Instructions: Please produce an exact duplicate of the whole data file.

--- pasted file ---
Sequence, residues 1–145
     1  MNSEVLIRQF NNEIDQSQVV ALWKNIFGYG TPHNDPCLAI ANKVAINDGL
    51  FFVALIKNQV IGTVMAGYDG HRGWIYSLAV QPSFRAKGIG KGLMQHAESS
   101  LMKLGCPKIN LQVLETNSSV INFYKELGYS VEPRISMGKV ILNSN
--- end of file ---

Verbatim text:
Sequence, residues 1–145
     1  MNSEVLIRQF NNEIDQSQVV ALWKNIFGYG TPHNDPCLAI ANKVAINDGL
    51  FFVALIKNQV IGTVMAGYDG HRGWIYSLAV QPSFRAKGIG KGLMQHAESS
   101  LMKLGCPKIN LQVLETNSSV INFYKELGYS VEPRISMGKV ILNSN